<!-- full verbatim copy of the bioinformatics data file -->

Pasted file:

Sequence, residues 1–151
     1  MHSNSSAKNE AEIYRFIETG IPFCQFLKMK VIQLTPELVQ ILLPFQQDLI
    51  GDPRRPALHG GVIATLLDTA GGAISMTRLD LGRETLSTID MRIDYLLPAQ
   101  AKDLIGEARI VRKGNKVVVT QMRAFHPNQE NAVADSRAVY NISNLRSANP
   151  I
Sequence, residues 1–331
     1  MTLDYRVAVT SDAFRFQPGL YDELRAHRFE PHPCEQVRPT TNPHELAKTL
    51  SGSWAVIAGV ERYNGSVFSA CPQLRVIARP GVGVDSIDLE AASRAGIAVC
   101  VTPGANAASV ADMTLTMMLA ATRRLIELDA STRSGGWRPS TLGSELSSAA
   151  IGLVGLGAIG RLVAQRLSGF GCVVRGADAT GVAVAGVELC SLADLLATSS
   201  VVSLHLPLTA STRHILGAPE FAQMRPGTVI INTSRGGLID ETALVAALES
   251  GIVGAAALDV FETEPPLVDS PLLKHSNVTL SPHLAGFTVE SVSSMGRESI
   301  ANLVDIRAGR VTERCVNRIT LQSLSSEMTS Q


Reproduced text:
Sequence, residues 1–151
     1  MHSNSSAKNE AEIYRFIETG IPFCQFLKMK VIQLTPELVQ ILLPFQQDLI
    51  GDPRRPALHG GVIATLLDTA GGAISMTRLD LGRETLSTID MRIDYLLPAQ
   101  AKDLIGEARI VRKGNKVVVT QMRAFHPNQE NAVADSRAVY NISNLRSANP
   151  I
Sequence, residues 1–331
     1  MTLDYRVAVT SDAFRFQPGL YDELRAHRFE PHPCEQVRPT TNPHELAKTL
    51  SGSWAVIAGV ERYNGSVFSA CPQLRVIARP GVGVDSIDLE AASRAGIAVC
   101  VTPGANAASV ADMTLTMMLA ATRRLIELDA STRSGGWRPS TLGSELSSAA
   151  IGLVGLGAIG RLVAQRLSGF GCVVRGADAT GVAVAGVELC SLADLLATSS
   201  VVSLHLPLTA STRHILGAPE FAQMRPGTVI INTSRGGLID ETALVAALES
   251  GIVGAAALDV FETEPPLVDS PLLKHSNVTL SPHLAGFTVE SVSSMGRESI
   301  ANLVDIRAGR VTERCVNRIT LQSLSSEMTS Q